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Endangered triple-major freshmen facing extinction in stressful finals environment



Forget the in-laws and last-minute shopping: we have a new tragedy to ruin your holiday season, a season unforgivingly preceded by perhaps humanity’s darkest hour–finals week. Every year, these treacherous days maim many a major, ripping freshmen and occasionally even sophomores from their interests by brutalizing them with a final assessment. Triple-major freshmen drop like flies, abandoning biochem, PLS, and mechanical engineering for a single, unsatisfying English major.

I recently had the chance to sit down with Halpin Bruke, a specialist on the subject who’s spent the last three years studying trends in ND freshmen once December starts. With slightly frazzled hair and a grin on his face that teetered on the brink of insanity, he quickly filled me in on the alarming nature of this increasing trend. “Records show that in the 80’s, you could have up to five majors and still graduate in four years. Heck, sometimes even three years.” He ran his hands through his hair as I watched with a hint of concern. “These days, these tests just absolutely wreck these undergrads, limiting their interests and making a diversity of classes utterly impossible.” Eyes darting wildly, Bruke continued, “But I don’t understand what the big deal is about school anyway. We are all just gonna end up as automatons devoid of being.” I left Mr. Bruke staring out the window, quietly eating cold mac n’ cheese.

Disregarding the potential inaccuracy of Bruke’s historical facts and his obvious crippling despair, he has a point: freshmen are coming to Notre Dame with vast dreams of exploring everything in their education, only to have these dreams obliterated a week before heading home for the holidays. Some have argued that this serves a purpose, that tough tests keep majors competitive with universities across the country and push our students to be the best.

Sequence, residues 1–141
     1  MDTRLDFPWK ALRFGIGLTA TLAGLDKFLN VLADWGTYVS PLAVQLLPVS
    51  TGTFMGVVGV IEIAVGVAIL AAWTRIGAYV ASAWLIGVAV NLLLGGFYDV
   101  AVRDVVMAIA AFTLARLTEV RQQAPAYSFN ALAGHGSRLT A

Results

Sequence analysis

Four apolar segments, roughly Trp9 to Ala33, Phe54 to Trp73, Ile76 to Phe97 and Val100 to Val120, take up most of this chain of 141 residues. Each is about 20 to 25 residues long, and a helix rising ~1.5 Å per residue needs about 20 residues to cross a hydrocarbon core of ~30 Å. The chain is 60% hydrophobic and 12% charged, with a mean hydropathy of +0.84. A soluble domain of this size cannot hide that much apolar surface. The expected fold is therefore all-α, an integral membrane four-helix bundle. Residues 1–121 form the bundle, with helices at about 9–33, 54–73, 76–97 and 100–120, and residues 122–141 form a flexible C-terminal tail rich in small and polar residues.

Still, this callous response cannot help but neglect the hundreds of triple-major freshmen disappearing every year, not to mention the impact of poaching and habitat destruction. With Reckers no longer a 24-hr space, these poor creatures are swiftly running out of places to study, and more classes have been dropped this fall semester than mics by Kanye. Describing the poaching problem, Bruke almost burst into tears describing how many seniors have been hunting these freshmen for their ivory. “They claim to be peer advisors, and recommend that these young-ones take 18 credits, or simply work throughout the night. In no time, they work themselves to death, and a future neuro-rocket-scientist decides to major in Anthropology. Tragic, utterly tragic.”

It is hard to see how these poor freshmen will survive in today’s rapidly changing world, and this endangered species, sadly, seems on the way to an early extinction. Only time will tell whether these freshmen manage to persist in their passions and survive in the wild, or end up evolving into demoralized sophomores shifting to a major in FTT.

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